Slain Colleyville housekeeper had $5M in life insurance policies

A North Texas housekeeper who was fatally stabbed in an alleged life insurance scam had $5 million worth of policies in her name, according to lawsuits filed by the woman's family in attempts to collect the money. 
 
Police allege Bernard "Little Joe" Gorman and his father, Gerard "Joe" Gorman killed 69-year-old Anita Fox last September in the hope of collecting on a $1 million policy she didn't know existed.
 
The Fort Worth Star-Telegram reported Sunday that the other policies are noted in the lawsuits filed by Fox's daughter and son-in-law, Virginia and Mark Buckland, to collect. 
 
The insurance companies have said the policies may have been obtained fraudulently and that it remains unclear whether Fox knew they existed. 
 
At least one of the insurers, citing the investigation, suggests that the Bucklands could have been involved in the slaying, thus forfeiting any payment.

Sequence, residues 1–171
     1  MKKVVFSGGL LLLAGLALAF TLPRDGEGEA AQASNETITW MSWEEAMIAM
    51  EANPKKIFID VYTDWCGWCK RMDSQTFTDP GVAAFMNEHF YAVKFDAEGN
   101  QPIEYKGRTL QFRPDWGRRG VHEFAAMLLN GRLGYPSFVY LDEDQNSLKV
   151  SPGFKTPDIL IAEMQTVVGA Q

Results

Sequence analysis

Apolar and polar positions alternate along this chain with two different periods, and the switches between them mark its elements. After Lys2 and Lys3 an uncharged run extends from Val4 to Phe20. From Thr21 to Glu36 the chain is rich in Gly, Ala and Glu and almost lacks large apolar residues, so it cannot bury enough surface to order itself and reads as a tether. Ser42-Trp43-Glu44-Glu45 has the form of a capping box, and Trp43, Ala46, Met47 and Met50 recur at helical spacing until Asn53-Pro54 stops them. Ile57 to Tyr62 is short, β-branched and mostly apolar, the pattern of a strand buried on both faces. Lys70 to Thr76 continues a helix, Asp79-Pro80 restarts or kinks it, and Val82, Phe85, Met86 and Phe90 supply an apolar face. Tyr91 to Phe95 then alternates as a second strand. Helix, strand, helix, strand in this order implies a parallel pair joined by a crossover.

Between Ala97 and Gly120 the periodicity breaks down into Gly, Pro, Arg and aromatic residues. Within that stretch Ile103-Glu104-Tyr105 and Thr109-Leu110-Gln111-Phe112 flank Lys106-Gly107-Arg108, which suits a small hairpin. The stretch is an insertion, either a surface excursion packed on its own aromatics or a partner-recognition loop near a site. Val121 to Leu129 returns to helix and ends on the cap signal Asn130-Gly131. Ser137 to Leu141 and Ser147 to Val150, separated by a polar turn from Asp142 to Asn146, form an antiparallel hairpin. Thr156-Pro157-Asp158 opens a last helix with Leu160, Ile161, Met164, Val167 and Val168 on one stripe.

The Bucklands' attorney, Mark Humphreys, insists that Fox knew about the policies and that she had even suggested their purchase during a family gathering on Thanksgiving 2007.
 
The Bucklands have been cleared of involvement in the slaying, did not commit insurance fraud and just want what's owed to them, Humphreys said. He said they are devastated by the suggestion that they had something to do with Fox's death.
 
Bernard Gorman has been charged with Fox's murder and remains free on bail. Gerard Gorman died of natural causes in January.
 
When interviewed two days after Fox's death, the Bucklands told investigators that there were no known active insurance policies on Fox, according to an arrest warrant affidavit.
 
Mark Buckland, however, later admitted to a sergeant that he had not been truthful and that he did have a policy on his mother-in-law "and that it was a monster."
 
"I think (Mark Buckland's) attitude at the time is, it really wasn't any of his business as to what insurance policies there were or weren't," Humphreys said. "My clients are very down to earth. They don't live a high lifestyle. They did not want anyone to know that they had a lot of money."
 

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